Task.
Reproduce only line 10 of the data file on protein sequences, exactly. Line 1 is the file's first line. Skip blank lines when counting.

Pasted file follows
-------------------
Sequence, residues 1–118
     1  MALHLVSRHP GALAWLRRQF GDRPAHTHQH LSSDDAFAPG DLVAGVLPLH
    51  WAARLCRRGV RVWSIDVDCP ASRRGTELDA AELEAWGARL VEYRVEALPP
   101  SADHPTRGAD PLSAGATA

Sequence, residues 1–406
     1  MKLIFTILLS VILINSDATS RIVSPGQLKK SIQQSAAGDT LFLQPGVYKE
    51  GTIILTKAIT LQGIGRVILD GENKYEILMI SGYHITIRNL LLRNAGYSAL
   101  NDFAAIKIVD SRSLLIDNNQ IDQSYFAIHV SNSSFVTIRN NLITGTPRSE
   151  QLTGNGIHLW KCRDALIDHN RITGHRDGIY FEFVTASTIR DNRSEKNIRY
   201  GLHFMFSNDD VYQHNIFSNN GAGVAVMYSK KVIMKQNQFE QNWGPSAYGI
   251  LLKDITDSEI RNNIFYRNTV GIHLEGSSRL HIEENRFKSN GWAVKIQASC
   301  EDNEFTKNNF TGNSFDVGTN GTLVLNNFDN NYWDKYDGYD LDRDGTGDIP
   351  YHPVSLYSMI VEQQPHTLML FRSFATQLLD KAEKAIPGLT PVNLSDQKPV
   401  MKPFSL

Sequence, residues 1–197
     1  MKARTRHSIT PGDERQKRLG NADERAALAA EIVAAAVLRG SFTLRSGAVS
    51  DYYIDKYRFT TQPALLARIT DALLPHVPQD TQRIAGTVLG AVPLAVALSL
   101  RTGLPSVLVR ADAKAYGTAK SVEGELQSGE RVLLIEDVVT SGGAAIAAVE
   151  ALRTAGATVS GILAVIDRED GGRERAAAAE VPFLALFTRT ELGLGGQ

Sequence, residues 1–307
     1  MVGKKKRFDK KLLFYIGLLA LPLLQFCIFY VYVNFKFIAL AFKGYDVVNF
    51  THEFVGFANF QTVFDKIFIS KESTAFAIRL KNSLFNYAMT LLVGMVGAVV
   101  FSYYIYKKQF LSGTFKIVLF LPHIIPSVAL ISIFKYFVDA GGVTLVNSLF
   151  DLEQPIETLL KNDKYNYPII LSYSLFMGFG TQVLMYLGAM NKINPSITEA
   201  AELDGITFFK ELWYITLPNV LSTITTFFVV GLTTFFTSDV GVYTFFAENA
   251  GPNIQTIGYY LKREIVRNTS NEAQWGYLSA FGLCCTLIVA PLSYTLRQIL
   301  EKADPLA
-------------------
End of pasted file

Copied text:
   201  GLHFMFSNDD VYQHNIFSNN GAGVAVMYSK KVIMKQNQFE QNWGPSAYGI